## Abstract

In Mediterranean countries, users are often equipped with private tanks, which provide a temporary water storage capacity, able to compensate service interruptions due to either scarcity or irregularity of water supply. In the presence of private water storage, water supply is no longer linked to users' consumption and network-operating conditions can be off-design, therefore specific models have to be introduced in simulation models of water distribution networks. Here, a new mathematical model is proposed that is able to reproduce a tank's emptying/filling cycles. Specifically, by means of experimental analysis, a hyperbolic tangent law was tested to reproduce the filling process for private tanks. The flow rate is calculated by means of the classical Torricelli law, in which the float valve emitter coefficient and the valve area are calculated using a function that takes into account the water level within the private tank. The comparison obtained through the mathematical model and those observed from experiments confirmed the ability of the model to predict the flow rate balance within private tanks. The results show that the model is suitable for any length of float valve branch. The mathematical system can be easily used in a transient model to correctly estimate the supplied demand.

## INTRODUCTION

The reliability of water distribution systems is critical for urban activities, because continuous operation of urban water supply has to be ensured at sufficient pressure under different design and operational situations. Models developed for water distribution networks (WDNs) design and management generally take into consideration customer demands as fixed *a priori* outflows concentrated in nodes, independent of nodal heads (demand-driven simulation methods), so they ensure a complete balance between available discharge and required discharge in demand nodes. Under pressure-deficient conditions, head-driven simulation methods, which connect the outflow to the nodal head, are essential for a realistic hydraulic analysis of WDNs.

Head-driven analysis requires the introduction of a nodal outflow discharge model, which links the available discharge to the nodal pressure. Over the past three decades, several authors have derived various relationships, which can be classified into two categories: discontinuous and continuous formulas.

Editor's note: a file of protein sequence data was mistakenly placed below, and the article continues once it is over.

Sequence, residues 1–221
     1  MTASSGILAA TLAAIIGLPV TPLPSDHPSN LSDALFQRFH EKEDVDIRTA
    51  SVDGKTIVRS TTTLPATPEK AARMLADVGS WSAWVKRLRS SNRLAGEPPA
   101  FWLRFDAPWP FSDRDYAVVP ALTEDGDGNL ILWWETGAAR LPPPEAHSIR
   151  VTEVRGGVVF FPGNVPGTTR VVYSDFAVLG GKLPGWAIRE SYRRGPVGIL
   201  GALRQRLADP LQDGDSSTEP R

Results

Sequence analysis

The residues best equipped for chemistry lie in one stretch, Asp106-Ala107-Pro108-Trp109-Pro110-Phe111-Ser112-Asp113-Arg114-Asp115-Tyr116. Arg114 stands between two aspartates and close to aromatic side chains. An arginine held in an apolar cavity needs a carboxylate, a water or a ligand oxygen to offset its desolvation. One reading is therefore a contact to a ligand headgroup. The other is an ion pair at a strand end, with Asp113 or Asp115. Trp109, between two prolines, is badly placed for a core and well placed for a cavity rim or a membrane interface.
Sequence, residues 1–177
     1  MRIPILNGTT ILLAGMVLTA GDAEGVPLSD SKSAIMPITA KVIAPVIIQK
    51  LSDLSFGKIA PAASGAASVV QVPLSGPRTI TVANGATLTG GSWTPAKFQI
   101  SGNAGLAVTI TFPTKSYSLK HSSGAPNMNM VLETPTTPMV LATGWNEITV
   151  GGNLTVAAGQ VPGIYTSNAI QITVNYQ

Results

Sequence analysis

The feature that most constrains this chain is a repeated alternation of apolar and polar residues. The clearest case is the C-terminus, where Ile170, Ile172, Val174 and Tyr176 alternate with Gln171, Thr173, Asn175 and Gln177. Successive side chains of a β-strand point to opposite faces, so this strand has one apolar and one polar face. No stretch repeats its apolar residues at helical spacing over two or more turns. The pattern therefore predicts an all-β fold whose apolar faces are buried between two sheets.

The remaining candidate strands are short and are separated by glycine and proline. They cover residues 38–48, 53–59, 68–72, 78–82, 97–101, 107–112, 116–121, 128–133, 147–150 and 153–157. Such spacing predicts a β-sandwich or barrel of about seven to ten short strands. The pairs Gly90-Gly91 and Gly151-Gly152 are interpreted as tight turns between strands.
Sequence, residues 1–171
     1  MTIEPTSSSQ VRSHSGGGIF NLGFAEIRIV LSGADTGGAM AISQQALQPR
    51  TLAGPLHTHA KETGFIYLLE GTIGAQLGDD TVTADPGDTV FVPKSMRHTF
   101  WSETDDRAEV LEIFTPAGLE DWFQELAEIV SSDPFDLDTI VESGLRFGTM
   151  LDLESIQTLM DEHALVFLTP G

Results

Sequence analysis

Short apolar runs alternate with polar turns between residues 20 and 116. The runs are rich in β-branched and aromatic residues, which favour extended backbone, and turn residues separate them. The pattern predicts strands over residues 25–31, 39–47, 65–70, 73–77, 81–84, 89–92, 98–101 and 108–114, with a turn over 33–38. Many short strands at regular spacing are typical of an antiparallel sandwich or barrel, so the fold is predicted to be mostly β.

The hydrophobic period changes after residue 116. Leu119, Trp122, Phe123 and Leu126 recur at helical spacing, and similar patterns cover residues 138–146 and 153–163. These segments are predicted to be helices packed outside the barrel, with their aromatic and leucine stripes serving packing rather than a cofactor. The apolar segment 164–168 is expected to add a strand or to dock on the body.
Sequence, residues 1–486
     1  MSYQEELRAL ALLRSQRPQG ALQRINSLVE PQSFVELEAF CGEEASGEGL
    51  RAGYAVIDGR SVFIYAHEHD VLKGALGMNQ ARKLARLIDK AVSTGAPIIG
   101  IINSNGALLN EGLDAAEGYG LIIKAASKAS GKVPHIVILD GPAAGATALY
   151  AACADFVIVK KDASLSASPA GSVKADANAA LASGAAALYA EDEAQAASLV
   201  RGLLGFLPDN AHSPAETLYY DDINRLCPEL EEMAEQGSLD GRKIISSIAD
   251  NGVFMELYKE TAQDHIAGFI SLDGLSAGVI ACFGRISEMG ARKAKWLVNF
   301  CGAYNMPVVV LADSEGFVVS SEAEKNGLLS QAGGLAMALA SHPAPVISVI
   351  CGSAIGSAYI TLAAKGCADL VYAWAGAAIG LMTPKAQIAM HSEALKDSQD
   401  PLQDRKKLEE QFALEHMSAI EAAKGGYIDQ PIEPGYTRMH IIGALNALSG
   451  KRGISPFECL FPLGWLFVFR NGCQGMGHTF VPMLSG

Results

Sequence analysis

Bhave (1981) was probably the first to introduce the concept of minimum required nodal head value for normal working conditions and suggested a relationship which adopts a [0,1] concept for the head-outflow relationship and admits that full demand is available for heads higher than the minimum required value, whereas there are no discharge results for heads lower than the minimum required value. Germanopoulos (1985) proposed a formula which sets minimum and maximum threshold values such that a constant flow rate is assumed for a nodal head with a higher than maximum required value, zero value is obtained for pressure with a lower than the minimum threshold value and an exponential law is assumed for an intermediate level of pressure at the node.

Reddy & Elango (1989) suggested outflows wholly dependent on residual heads according to *Q _{j}*

*=*

*S*(

_{j}*H*)

_{j}–H_{min}^{0.5}, where

*S*is a node constant,

_{j}*H*represents the available total head at demand node

_{j}*j*and

*H*represents the pressure head, below which the service at demand node

_{min}*j*is unavailable.

Gupta & Bhave (1996) addressed some weaknesses in Germanopoulos's equation and, more recently, several researchers proposed new expressions aimed at improving precision (see Tucciarelli *et al.* 1999; Ackley *et al.* 2001; Tanyimboh *et al.* 2001; Tanyimboh & Templeman 2004, 2010; Tabesh *et al.* 2014; Volpe *et al.* 2014).